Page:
The rise of Git, GitHub, and Pull Requests (PR) has resulted in some big changes to the practices and workflows within the software industry. In particular, they’ve revolutionised the world of open source, providing a robust mechanism that allows and encourages strangers to contribute to projects.
The branch and pull request workflow has also been adopted by swathes of commercial software teams, and it seems to have become the de-facto standard of development workflows. But as a user of this workflow for a few years myself, I’m starting to question the following:
Lately I’ve been contemplating whether the Scrum process and the ceremonies that accompany it are actually serving a purpose for our team anymore.
When added together, the time spent in sprint planning, story refinement, and sprint review takes up a large chunk of time from a two-week sprint and often interrupts the team’s flow. It’s worth reflecting on whether this is time being well spent.
When thinking about these meetings collectively, it dawned on me that the majority of energy put into them is focused on organising work into sprints. This got me thinking — why are we doing that…
Ankit Singh Raghuvanshi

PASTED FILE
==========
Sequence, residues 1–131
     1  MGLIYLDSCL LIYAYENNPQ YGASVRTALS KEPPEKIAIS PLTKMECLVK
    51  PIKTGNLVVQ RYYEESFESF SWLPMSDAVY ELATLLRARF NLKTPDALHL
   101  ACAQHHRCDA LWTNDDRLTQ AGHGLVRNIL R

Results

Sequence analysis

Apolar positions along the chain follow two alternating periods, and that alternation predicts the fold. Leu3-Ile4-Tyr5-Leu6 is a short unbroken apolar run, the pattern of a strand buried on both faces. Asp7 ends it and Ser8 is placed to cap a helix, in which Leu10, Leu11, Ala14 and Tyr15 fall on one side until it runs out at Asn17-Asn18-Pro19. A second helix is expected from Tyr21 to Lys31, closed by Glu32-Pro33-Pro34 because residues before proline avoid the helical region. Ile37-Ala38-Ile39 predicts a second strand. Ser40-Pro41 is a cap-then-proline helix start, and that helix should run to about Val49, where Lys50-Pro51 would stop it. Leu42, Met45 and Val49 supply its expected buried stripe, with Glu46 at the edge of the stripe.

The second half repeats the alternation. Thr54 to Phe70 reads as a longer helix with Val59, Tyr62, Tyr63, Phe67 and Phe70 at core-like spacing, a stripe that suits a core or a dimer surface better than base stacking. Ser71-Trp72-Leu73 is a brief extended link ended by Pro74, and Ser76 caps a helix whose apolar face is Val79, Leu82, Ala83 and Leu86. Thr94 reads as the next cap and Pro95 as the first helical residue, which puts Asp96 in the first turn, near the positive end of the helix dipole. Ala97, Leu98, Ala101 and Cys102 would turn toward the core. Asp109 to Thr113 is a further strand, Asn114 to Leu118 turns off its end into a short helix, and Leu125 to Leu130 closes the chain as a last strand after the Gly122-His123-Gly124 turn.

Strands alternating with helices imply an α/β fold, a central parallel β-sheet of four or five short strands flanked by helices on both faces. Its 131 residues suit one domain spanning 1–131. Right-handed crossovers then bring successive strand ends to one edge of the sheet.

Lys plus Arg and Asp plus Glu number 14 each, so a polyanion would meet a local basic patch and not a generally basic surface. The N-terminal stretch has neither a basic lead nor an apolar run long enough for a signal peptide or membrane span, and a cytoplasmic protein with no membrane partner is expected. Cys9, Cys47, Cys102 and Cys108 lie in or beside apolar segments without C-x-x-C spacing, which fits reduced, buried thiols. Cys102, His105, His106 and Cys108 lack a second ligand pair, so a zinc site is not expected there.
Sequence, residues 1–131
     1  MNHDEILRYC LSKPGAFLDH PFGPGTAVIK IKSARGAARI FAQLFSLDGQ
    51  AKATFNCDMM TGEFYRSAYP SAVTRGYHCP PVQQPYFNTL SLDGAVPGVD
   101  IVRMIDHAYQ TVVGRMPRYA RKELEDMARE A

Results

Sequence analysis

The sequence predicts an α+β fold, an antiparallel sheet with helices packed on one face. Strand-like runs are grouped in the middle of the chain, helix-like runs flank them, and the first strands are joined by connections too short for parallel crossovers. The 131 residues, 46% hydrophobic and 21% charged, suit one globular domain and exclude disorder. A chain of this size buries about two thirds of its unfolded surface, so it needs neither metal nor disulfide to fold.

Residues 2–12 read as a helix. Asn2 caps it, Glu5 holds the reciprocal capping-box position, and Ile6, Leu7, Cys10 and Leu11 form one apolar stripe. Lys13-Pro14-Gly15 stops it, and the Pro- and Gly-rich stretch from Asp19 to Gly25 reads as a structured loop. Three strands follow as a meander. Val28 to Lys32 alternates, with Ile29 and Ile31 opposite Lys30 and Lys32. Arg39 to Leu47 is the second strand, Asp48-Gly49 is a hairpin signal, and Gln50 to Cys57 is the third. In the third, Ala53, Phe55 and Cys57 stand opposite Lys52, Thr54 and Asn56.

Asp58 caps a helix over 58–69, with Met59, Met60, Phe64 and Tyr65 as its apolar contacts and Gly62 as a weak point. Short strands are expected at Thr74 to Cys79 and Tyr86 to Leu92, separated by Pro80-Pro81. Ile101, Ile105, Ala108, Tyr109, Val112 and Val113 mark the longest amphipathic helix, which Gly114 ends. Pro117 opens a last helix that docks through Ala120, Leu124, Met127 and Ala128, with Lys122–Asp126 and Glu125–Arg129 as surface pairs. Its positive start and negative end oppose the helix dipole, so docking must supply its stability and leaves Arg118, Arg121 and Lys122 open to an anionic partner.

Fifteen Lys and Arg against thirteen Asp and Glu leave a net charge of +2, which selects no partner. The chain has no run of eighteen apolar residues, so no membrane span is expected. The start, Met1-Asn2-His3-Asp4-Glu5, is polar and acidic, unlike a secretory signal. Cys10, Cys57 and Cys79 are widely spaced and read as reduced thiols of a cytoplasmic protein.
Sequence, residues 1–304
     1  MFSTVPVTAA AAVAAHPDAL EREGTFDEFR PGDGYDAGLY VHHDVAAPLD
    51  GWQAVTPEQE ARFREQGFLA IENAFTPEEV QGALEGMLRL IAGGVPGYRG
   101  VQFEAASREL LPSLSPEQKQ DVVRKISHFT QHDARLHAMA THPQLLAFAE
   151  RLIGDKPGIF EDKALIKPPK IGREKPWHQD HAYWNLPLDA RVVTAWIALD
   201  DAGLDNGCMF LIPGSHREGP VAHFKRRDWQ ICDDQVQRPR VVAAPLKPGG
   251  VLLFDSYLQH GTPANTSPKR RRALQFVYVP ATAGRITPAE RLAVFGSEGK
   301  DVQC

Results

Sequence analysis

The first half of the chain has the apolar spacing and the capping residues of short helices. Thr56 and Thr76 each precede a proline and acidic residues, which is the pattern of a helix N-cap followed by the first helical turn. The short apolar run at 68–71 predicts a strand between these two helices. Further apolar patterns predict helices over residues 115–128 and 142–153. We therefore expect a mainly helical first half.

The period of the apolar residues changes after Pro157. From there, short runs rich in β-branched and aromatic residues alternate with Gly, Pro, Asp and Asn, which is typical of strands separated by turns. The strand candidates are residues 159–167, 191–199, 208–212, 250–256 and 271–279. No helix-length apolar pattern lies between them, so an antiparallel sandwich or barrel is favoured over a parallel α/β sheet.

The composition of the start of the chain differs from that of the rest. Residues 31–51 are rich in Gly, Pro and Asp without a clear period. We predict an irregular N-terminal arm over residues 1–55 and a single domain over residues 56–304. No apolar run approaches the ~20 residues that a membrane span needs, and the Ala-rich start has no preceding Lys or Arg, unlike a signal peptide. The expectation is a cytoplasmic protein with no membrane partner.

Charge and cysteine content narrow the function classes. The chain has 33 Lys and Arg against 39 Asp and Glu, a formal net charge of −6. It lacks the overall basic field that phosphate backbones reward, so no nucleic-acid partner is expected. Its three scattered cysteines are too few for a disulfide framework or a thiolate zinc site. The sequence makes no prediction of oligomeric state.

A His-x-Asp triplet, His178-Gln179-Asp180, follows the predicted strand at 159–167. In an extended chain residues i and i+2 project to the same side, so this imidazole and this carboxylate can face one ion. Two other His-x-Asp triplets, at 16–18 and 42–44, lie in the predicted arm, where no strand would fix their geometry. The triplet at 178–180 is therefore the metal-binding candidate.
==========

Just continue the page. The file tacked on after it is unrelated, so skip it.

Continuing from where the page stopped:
Thanks for taking the time to respond. I think you raise some good points.
With 1) Yes I think you're absolutely right that smaller commits would require temporary code as you say. Where we disagree is that I don't think this is a negative or bad practice. Adding temporary code is a fairly widely adopted strategy as an enabler for Continuous Delivery.
You might know about these already and just dislike the idea, but in any case here is some info on some of the practices I use for temporary code:
Keystone Interface: https://martinfowler.com/bliki/KeystoneInterface.html
Feature Toggles: https://martinfowler.com/articles/feature-toggles.html
Feature Toggles have become a frequently used tool in my team, bringing us many benefits such as:
Software developer on the south coast of the UK. Opinions expressed are solely my own and do not express the views or opinions of my employer.